I don’t mind people making a big deal out of getting my pronouns right. Doing so makes it obvious that a mistake has been both made and acknowledged. I was delighted when one of the professors I will sadly never be able to take a class with made a big deal at saying “she” and followed up with “He… Nin?*”. Maybe the people at the table didn’t get it, but that’s fine. I don’t mind people telling others that I’m trans and asexual, what my gender is (so long as they do so correctly and respectfully), and what pronouns to use. It saves me having to do so. It bugs me when people talk to others about me, but if they’re going to do so anyways I’d like them to at least be helpful when doing it.
This is a personal preference, of course. I definitely don’t want this to be seen as normal activities and for people in another situation than mine this would be incredibly dangerous for people to do, which is one reason that I don’t really express this preference too much. I do not want some straight/cis person getting into the habit of outting me because I want them to only for them to think it’s fine to for all non straight/cis people, hurting someone and possibly putting them in danger.
*A suggested german gender neutral pronoun. He’s a german teacher who I asked about gender neutrality for people (He knows a non-binary person and gets it) and I found this and he read it for me, hence that. I actually really like it…
So, the cisCenter is having a “Pansexual Pirate Party”. I don’t know why or when or what’s involved, I don’t like parties and I don’t like that place. The title, quite frankly, annoys me. Maybe it wouldn’t if I knew jack about it- but since I don’t, it seems like it’s just done for alliteration. Maybe they’re justifying it by saying that they’re “bringing awareness” to pansexuals. But a friend of mine saw the ad for it and asked if that meant that all sexualities were allowed to come. I explained that pansexual was a sexuality in itself and she then asked if only pansexuals are allowed to be pirates or something. I don’t know either. If this is their version of “raising awareness”, it’s a fairly sad version. And if this is them making it a “themed” party that’s LGB related, it’s in the cisCenter. Kind of obvious.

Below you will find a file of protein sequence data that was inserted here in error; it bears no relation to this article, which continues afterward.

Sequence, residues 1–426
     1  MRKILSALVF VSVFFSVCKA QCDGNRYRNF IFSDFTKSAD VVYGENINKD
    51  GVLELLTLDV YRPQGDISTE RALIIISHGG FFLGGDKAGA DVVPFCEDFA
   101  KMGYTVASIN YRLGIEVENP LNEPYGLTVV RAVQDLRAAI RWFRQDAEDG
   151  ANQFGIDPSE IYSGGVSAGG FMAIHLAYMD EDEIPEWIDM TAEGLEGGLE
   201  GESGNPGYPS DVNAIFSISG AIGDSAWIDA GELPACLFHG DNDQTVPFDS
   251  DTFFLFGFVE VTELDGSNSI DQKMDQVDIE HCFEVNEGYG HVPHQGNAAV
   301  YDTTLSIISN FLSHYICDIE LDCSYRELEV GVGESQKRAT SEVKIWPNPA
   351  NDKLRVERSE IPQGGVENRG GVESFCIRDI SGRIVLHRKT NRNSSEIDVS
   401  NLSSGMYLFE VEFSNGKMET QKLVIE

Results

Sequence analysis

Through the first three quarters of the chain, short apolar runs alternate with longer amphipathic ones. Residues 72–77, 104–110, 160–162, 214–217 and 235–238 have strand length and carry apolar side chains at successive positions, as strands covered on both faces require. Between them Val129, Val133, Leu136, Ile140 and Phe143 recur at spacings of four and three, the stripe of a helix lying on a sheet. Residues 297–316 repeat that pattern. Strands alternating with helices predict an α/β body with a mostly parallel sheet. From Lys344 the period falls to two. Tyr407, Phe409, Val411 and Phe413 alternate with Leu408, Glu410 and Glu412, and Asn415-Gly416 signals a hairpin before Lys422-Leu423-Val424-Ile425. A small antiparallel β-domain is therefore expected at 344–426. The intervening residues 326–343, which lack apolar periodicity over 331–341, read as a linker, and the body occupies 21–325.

Also, on an unrelated note, our school’s [cis]Women’s center (we have a lot of cisCenter) put up a thing for people to write what they’d like to see from the women’s center. Someone had written Judith Butler. I wrote in Calpernia Addams and trans-inclusive feminism and clarified a bathroom debate that it’s not ONLY gender neutral bathrooms, but IN ADDITION TO. You know, for those of us who aren’t “either” gender. Or are but live in a society that basically stops us from using either bathroom.
First order of business: I need to do a TDoR comic by the weekend. Thankfully I have no classes Friday, but it’s starting to fill up with activism. I’m hoping writing it here will serve to remind me. Somehow.
Now, onto something that I find curious.
I am a repulsed asexual. By that I mean, I am an asexual, a person who does not experience sexual attraction. More specifically, I am the brand of asexual who covers their ears and goes “LALALALA I’M NOT LISTENING” when sex comes up because it’s squicky.
And yet, I really don’t mind how kinksters talk about it. Even when they talk about completely vanilla stuff or completely creepy stuff that I can’t get my head around anyone consenting to (but they do!). But it seems to make a lot of vanilla sexuals uncomfortable. In terms of vanilla women, Clarisse Thorn brought out one reason that they may be made uncomfortable by kinksters, but I’m sure there are other reasons as well.
Part of it may be that (and I’m guessing) kinksters could be more open to asexuality because what they do to get off is something that so many people find horrible that, unlike too many vanilla people, they know not to try and force it on anyone who doesn’t want it, so some of them don’t speak with the same air of “everyone likes what I like” that’s so problematic for asexuals.
So this isn’t really a fully formed thought, but it does amuse me that kink- which most people think would be HARDER for someone who gets squicked by sex to deal with- tends not to bother me as much as vanilla.